Just several years after the wildly eccentric albums Trout Mask Replica and Lick My Decals Off, Baby, Captain Beefheart (real name: Don Vliet) made an album that was shockingly and infamously conventional. The Captain clutching dollar bills on the cover of Unconditionally Guaranteed offers a not-so-subtle clue as to what happened. See, being an avant-garde musician doesn’t exactly pay the bills, and while Vliet hoarded most of his band’s earnings for himself, his bandmates lived in literal poverty, relying on food stamps, and donations from family members. They were also tired of being mentally and physically abused by Vliet, who developed a paranoid schizophrenic like condition as a result of heavy LSD use. The idea was that if Captain Beefheart made a more commercial record, it would hopefully generate enough money to elevate The Magic Band’s standard of living. A record producer, Andy DiMartino, also seduced Beefheart with promises of wealth and stardom. But DiMartino’s production on Unconditionally Guaranteed sadly isn’t even that good - flat, lifeless, and dull with anemic guitars, and an overly loud kick drum.
There are four songs on Unconditionally Guaranteed which could be considered OK, though they’re done a disservice by the production. “Upon The My-O-My” has a cinematic and suspenseful feel, with a nice bassline, and flute playing evocative of Jethro Tull. “Full Moon, Hot Sun” has guitar and vocal melodies which are tuneful, though quite generic. “This Is The Day” has somewhat of a gospel feel, with use of the electric piano and organ, and was unlike anything Beefheart had ever done before. Finally, “Peaches” stays true to Beefheart's delta blues roots, particularly with use of the slide guitar, and could have fit in on his (better) preceding album, Clear Spot, though the horn arrangement is overdone. On the rest of the album, Beefheart doesn’t even seem like he’s trying. “New Electric Ride,” “Magic Be,” and “Happy Love Song” are wholly forgettable. The titles of “Sugar Bowl” and “Lazy Music” pretty much speak for themselves, while “I Got Love On My Mind” features one of the most phoned-in lyrics in history:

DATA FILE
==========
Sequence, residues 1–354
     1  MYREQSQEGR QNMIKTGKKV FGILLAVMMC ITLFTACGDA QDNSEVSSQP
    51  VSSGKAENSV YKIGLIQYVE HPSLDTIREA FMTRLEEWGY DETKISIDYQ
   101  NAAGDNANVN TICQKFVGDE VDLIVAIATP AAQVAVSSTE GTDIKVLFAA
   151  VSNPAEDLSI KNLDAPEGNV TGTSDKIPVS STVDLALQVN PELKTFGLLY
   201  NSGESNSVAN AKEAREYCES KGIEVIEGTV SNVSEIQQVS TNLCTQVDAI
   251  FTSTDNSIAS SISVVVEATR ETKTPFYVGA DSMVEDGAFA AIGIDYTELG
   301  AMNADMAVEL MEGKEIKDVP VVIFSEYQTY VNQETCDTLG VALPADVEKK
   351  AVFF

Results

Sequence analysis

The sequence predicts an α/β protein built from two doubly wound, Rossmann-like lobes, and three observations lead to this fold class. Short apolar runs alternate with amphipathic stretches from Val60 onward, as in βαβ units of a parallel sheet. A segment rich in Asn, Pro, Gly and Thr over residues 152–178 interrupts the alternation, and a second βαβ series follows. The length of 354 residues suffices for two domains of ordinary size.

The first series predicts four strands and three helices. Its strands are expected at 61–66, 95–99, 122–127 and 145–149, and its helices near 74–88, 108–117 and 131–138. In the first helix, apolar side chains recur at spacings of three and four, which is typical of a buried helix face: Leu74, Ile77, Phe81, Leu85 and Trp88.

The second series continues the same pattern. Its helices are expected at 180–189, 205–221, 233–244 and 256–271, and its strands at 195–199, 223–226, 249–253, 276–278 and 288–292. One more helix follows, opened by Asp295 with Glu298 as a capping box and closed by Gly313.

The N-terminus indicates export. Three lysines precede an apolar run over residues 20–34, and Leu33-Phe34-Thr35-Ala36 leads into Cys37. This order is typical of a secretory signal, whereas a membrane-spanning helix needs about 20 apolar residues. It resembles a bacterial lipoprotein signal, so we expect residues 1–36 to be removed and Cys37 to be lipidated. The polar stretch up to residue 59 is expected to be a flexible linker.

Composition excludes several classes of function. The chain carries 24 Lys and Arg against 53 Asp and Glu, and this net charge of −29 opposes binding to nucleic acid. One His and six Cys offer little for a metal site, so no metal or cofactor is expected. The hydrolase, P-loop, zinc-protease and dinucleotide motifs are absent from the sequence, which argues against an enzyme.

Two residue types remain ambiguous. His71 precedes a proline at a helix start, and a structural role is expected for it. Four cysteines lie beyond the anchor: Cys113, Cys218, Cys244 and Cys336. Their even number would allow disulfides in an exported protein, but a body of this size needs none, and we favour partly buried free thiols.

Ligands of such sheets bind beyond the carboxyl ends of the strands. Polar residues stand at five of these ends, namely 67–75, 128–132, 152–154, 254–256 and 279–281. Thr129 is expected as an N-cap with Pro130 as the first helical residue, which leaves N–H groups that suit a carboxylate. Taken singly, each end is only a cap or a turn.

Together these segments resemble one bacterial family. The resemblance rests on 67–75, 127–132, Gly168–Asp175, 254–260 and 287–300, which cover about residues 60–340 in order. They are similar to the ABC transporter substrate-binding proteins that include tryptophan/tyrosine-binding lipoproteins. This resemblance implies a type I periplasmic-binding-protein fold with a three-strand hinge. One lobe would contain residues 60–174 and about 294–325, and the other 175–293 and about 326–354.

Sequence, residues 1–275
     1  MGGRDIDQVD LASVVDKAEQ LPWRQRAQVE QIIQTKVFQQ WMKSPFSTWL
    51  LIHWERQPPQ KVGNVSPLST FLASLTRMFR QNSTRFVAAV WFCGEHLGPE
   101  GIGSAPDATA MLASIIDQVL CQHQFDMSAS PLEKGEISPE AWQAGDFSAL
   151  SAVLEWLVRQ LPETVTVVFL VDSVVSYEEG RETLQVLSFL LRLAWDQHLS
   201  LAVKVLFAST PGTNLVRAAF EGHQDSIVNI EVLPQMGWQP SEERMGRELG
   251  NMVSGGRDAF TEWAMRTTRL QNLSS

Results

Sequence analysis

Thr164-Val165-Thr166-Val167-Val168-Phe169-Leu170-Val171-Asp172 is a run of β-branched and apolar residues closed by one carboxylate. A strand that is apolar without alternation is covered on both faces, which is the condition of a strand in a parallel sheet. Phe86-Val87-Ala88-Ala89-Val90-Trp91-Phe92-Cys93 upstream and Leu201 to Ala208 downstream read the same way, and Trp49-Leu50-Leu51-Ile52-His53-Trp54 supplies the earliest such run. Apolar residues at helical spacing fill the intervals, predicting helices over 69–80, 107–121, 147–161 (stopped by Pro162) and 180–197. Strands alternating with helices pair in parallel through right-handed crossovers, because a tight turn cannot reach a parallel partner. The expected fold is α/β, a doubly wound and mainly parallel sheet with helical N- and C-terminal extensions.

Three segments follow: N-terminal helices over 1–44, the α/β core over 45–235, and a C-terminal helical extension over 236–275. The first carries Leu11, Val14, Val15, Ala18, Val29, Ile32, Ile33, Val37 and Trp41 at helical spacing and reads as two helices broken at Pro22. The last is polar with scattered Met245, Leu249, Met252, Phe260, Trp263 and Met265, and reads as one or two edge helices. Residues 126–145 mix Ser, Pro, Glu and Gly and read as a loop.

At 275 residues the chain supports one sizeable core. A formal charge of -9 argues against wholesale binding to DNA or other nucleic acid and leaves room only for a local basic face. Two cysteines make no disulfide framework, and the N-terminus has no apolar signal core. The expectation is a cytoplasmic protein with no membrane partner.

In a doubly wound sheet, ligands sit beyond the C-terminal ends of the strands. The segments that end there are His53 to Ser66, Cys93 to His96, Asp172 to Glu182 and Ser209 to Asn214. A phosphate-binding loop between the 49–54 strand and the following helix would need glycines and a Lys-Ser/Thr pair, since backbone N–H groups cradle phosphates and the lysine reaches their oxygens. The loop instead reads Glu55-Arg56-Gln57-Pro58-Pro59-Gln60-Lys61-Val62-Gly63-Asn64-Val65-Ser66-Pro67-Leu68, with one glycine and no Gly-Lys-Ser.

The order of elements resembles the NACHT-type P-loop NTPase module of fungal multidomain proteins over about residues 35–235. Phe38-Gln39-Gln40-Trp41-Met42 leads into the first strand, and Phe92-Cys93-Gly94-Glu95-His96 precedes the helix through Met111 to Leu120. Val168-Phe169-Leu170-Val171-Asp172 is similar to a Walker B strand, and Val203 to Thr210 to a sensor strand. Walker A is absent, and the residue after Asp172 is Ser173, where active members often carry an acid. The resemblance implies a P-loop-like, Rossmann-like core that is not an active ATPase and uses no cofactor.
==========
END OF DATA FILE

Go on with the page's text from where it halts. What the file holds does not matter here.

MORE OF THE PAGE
“I’ve got love on my mind
And I can’t make up my mind
Who to love.”
The irony of this stale album is that it didn’t even produce the financial windfall expected. Fans hated it, and Captain Beefheart’s entire band left him. A new ensemble of musicians had to be created quickly for an upcoming tour which had been booked. These new musicians were not bad other than saxophonist Del Simmons, who frequently overplayed. “The Tragic Band” as it was dubbed by fans was comprised of average rock/blues players who simply weren’t equipped for Beefheart’s idiosyncratic style. Although stalwarts John French and Art Tripp would later reconvene with Beefheart, Unconditionally Guaranteed cut him off from three of his most valuable collaborators, Alex “St. Clair” Snouffer, Bill Harkleroad (“Zoot Horn Rollo”), and Mark Boston (“The Mascara Snake”) for good. By 1975, Beefheart was a broken man, living in a trailer, and it was going to be up to his on-again off-again friend/rival Frank Zappa to save his career.